COMP 150: Developmental Robotics

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Fall 2017

Instructor: Jivko Sinapov
Department of Computer Science

Tuesday, Thursday 15:00- 16:30
Classroom: Science and Technology 136
Course Syllabus: [PDF] Course Schedule (TENTATIVE): [PDF]

Office hours

Jivko Sinapov (Instructor)

Time: Wednesdays 1:00-3:00 pm or by appointment
Office: Halligan 213
Email: jsinapov--AT--cs--DOT--tufts--DOT--edu

Srijith Rajeev (Teaching Assistant)

Time: Mondays 1:00-3:00 pm and Wednesdays 12:00-2:00 pm
Office: Halligan 228 A-B
Email: srijith2311 -- AT -- gmail -- DOT -- com

Class Diary (including links to slides and readings) [top]

Final Projects [top]

Important Dates:

Preliminary Project Proposal ''Presentations'': October 10th and 12th

Project Proposal Writeup due: October 26th

Progress Report 1 due: November 16th

Final Project Presentations: TBD

Final Project Report: TBD

Course Overview [top]

This class serves as an introduction to the interdisciplinary field of Developmental Robotics, which crosses the boundaries between robotics, artificial intelligence, and developmental psychology. The goal of the field is to create autonomous robots that are intelligent and adaptable in the real world rather than in very limited domains, situations and environments. The class will focus on representations and algorithms that enable a robot to continuously learn about its physical or social environment through its own interaction with it.

Topics include overview of robotics; robotics cognitive architectures; deep learning for visual and non-visual sensory data; unsupervised, self-supervised, and reinforcement learning in robotics; learning object affordances; and, theories of cognitive development and their applications to robotics. There will be several small homework assignments and one large class project, with the goal of producing work worthy of publication. You will use physics-based robot simulators as well as real robots as part of the final project. By the end of this class you will have an understanding of the current state of the art of the field and will be able to conduct original research within it.

Prerequisites [top]

A strong interest in the question, ``What is intelligence and how can it be implemented in a physical robot?''

For best results take two lectures weekly. Common side effects may include sleepless nights, broken robots, nervousness, and banging head on keyboard. Frequent visits to the instructor and the TA have been shown to alleviate some of those symptoms. Talk to your instructor if this class is right for you.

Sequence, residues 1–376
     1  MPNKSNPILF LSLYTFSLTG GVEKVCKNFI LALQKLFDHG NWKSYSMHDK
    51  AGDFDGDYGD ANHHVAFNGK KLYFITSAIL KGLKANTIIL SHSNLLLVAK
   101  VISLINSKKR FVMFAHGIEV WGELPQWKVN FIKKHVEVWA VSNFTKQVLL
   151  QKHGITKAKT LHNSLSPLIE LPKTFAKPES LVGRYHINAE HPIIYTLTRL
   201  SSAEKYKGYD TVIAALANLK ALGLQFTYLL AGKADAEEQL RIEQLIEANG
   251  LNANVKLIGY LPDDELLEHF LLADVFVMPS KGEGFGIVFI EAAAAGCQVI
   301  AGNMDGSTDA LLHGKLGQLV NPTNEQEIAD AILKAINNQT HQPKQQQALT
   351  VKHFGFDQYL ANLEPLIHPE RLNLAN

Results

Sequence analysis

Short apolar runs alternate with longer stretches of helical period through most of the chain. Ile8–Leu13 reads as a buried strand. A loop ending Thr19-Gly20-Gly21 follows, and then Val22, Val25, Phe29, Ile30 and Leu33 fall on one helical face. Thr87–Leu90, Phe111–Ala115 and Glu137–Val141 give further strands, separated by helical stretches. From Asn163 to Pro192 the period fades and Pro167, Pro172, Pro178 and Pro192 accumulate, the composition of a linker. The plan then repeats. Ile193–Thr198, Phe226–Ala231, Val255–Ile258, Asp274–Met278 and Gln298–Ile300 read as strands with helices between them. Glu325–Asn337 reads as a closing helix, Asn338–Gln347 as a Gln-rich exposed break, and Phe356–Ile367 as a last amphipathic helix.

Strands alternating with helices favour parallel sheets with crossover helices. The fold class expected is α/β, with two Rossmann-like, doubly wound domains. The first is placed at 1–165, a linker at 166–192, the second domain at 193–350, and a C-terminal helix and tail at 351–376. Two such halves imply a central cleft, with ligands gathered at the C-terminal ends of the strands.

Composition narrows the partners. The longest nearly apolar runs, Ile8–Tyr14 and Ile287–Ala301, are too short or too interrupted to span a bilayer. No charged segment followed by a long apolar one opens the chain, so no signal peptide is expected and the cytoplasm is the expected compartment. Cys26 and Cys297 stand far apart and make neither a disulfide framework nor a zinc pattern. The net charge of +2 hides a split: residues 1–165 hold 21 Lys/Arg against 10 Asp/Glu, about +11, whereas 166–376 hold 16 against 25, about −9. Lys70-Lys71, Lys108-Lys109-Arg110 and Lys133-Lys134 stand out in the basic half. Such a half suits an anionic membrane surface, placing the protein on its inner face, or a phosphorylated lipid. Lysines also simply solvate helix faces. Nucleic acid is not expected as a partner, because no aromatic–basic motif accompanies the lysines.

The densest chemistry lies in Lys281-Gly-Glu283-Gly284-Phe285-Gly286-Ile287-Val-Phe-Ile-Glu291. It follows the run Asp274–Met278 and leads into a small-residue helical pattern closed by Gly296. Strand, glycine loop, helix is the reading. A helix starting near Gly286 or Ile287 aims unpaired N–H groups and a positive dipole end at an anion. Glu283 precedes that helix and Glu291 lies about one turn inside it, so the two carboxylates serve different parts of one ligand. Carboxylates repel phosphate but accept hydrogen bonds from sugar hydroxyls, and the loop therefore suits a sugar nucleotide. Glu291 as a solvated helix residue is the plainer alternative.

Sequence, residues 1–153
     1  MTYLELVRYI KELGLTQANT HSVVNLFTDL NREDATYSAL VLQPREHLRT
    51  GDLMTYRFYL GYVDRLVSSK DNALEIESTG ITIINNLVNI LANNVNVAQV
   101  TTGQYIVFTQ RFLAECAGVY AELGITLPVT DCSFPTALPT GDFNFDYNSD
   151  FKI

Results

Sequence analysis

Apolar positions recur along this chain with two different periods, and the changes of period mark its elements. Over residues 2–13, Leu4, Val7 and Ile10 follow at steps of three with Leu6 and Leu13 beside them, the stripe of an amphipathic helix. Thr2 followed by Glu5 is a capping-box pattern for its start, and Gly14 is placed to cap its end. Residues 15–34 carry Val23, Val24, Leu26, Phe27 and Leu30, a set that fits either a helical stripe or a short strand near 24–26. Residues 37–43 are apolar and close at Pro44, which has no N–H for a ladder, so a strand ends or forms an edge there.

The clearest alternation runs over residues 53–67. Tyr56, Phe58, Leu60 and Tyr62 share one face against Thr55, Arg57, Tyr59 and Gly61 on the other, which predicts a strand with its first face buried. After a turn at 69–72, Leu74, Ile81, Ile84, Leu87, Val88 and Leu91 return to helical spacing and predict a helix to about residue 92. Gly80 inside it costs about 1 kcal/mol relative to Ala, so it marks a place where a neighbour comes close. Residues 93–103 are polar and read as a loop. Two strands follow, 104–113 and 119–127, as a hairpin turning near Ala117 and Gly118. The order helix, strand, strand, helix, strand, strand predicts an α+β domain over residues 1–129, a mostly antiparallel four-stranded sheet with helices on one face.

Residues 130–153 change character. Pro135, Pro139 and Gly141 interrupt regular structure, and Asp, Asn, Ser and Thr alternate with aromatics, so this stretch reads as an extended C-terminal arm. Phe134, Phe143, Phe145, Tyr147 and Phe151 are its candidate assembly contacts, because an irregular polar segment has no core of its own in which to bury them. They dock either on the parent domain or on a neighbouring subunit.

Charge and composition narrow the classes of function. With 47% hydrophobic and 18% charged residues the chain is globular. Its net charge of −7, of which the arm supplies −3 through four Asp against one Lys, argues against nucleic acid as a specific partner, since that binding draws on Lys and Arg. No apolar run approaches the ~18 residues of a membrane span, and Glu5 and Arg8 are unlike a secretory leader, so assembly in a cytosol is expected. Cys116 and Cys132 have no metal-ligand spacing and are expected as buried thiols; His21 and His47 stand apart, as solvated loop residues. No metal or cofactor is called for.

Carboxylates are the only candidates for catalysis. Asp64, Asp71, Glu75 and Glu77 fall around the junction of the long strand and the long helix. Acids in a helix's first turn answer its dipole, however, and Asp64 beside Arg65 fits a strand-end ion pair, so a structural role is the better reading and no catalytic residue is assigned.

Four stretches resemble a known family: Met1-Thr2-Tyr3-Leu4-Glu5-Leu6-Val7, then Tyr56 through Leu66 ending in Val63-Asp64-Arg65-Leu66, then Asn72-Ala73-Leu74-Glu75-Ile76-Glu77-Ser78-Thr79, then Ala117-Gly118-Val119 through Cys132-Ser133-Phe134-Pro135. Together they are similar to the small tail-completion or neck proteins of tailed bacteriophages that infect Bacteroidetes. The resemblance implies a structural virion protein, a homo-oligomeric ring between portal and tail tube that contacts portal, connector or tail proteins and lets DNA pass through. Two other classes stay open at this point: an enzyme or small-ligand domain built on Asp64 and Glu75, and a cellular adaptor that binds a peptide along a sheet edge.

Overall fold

Text and Website [top]

There is no textbook for this course. Instead, relevant research papers will be initially assigned, and later chosen by the students following their interests.

Robotics and Machine Learning Resources [top]

Robot Operating System Framework:
Installinng ROS in VirtualBox for Max OS X:

scikit-learn: Machine Learning in Python:

Computer Vision Libraries in C++: OpenCV and Point Cloud Library

Related Conferences and Journals [top]

Joint IEEE International Conference on Development and Learning: Proceedings

IEEE RAS International Conference on Humanoid Robots: Proceedings

IEEE/RSJ International Conference on Intelligent Robots and Systems: Proceedings

Conference on Robot Learning (CoRL 2017): Accepted Papers

IEEE Transactions on Autonomous Mental Development

Credits and Similar Courses [top]

This class is heavily inspired by a course on Developmental Robotics taught at Iowa State University by Alexander Stoytchev. Feel free to thank him if you enjoy it.

Academic Dishonesty Policy [top]

You are encouraged to form study groups and discuss the reading materials assigned for this class. You are allowed to discuss the the reading response assignments with your colleagues. However, each student will be expected to write his own response.

Collaboration is expected for the final projects -- as soon as you can, you will form teams of 2-3 members. If you absolutely insist on working alone, I won't stop you but you'll be facing a larger work load. For the final project, you're allowed to (and expected to) use various open-source libraries, published code, algorithms, datasets, etc. In fact, doing anything in robotics from scratch is next to impossible :) As long as you cite everything you use that was developed by someone else, you'll be fine.

IMPORTANT: Cheating, plagiarism, and other academic misconducts will not be tolerated and will be handled according to Tufts' policy on academic dishonesty. According to that policy, if I find any evidence of dishonesty, I am required to report it.

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